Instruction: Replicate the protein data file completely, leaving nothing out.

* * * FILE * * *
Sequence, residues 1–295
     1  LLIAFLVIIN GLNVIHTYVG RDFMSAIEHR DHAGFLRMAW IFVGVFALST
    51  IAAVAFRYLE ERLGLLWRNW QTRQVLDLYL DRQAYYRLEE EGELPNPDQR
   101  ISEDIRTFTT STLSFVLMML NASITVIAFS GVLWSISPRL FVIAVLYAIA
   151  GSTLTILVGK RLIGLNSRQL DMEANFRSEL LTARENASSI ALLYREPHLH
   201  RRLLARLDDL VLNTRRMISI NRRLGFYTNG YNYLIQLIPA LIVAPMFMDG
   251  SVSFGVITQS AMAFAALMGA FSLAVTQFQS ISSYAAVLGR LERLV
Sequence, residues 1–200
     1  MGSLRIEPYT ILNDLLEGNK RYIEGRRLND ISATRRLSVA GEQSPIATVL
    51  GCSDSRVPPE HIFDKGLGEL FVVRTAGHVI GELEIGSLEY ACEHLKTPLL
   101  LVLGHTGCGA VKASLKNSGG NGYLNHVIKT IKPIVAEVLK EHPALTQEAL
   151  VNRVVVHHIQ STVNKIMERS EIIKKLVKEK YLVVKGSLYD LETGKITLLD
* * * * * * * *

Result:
Sequence, residues 1–295
     1  LLIAFLVIIN GLNVIHTYVG RDFMSAIEHR DHAGFLRMAW IFVGVFALST
    51  IAAVAFRYLE ERLGLLWRNW QTRQVLDLYL DRQAYYRLEE EGELPNPDQR
   101  ISEDIRTFTT STLSFVLMML NASITVIAFS GVLWSISPRL FVIAVLYAIA
   151  GSTLTILVGK RLIGLNSRQL DMEANFRSEL LTARENASSI ALLYREPHLH
   201  RRLLARLDDL VLNTRRMISI NRRLGFYTNG YNYLIQLIPA LIVAPMFMDG
   251  SVSFGVITQS AMAFAALMGA FSLAVTQFQS ISSYAAVLGR LERLV
Sequence, residues 1–200
     1  MGSLRIEPYT ILNDLLEGNK RYIEGRRLND ISATRRLSVA GEQSPIATVL
    51  GCSDSRVPPE HIFDKGLGEL FVVRTAGHVI GELEIGSLEY ACEHLKTPLL
   101  LVLGHTGCGA VKASLKNSGG NGYLNHVIKT IKPIVAEVLK EHPALTQEAL
   151  VNRVVVHHIQ STVNKIMERS EIIKKLVKEK YLVVKGSLYD LETGKITLLD